Page:The Melanesians Studies in their Anthropology and Folklore.djvu/125

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Banks' Islands 'Suqe.'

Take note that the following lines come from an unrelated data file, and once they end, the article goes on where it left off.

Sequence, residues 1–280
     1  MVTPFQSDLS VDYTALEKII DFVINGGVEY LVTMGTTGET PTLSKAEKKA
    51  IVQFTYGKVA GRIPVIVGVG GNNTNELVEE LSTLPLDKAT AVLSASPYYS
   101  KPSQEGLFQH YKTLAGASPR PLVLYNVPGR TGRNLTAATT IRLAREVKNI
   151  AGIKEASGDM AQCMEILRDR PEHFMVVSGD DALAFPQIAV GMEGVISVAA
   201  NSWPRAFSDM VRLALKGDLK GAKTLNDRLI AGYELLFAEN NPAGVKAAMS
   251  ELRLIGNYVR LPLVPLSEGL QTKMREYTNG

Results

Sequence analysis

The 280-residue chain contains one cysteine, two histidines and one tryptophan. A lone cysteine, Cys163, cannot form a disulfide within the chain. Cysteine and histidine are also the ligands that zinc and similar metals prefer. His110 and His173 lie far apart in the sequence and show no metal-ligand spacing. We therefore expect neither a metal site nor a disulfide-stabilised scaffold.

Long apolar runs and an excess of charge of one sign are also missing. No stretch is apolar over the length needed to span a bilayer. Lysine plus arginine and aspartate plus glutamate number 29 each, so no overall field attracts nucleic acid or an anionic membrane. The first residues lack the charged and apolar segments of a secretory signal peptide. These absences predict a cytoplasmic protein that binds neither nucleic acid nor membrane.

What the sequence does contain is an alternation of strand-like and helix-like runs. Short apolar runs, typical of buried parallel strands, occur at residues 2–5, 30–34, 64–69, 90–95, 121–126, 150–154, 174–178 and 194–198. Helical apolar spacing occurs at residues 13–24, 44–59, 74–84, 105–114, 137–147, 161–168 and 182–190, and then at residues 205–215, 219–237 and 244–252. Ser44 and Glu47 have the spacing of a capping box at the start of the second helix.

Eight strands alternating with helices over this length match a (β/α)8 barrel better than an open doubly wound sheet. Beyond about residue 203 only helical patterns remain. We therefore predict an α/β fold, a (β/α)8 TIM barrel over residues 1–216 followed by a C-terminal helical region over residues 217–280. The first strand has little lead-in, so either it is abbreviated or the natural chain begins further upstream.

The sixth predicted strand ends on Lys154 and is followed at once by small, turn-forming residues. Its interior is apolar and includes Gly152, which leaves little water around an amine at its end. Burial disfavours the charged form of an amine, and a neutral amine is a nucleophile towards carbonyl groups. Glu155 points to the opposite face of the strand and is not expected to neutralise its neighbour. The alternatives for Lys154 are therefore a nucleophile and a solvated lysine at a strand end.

when new members are admitted, can see what is going on, though women are most strictly excluded. It is a social, not at all a religious, institution; yet, inasmuch as religious practices enter into the common life of the people, and all success and advance in life is believed to be due to mana, supernatural influence, the aid of unseen powers is sought for by fasting, sacrifices, and prayers, in order to mount to the successive degrees of the society. To rise from step to step money is wanted, and food and pigs; no one can get these unless he has mana for it; therefore as mana gets a man on in the Suqe, so every one high in the Suqe is certainly a man with mana, and a man of authority, a great man, one who may be called a chief, whom traders may call a king. A man who has got to the very top and emerged, me wot, is a very great man indeed; he has the title of Wetuka, as if he had reached the sky; he is of a rank which very few have attained, and without his consent, to be obtained by substantial payment, no one can be advanced at all. In the Banks' Island stories the poor lad or orphan who becomes the Fortunate Youth rises to greatness by the Suqe; he takes the highest grade in this instead of marrying the king's daughter. In the absence of any more directly political arrangements among the people, it is plain that a valuable bond of society is furnished by the Suqe, in which the male population generally is united, and in which a considerable power of control is vested in the elder and richer men, who can admit or reject candidates for the higher ranks as they think fit. The great mass of the natives never rise above the middle rank, many never arrive at that; but almost all, for the exceptions are very rare, are brought while still boys into the society. A man who has never entered has the nickname of a lusa, a kind of flying fox which does not gather with the flocks of the common sort. At entrance and at every successive step money has to be paid to those who have already attained it, and a feast more or less costly given according to the rank to be attained. Hence, while hardly any lad is so friendless as not to enter the lowest division, hardly any live to rise to the highest place;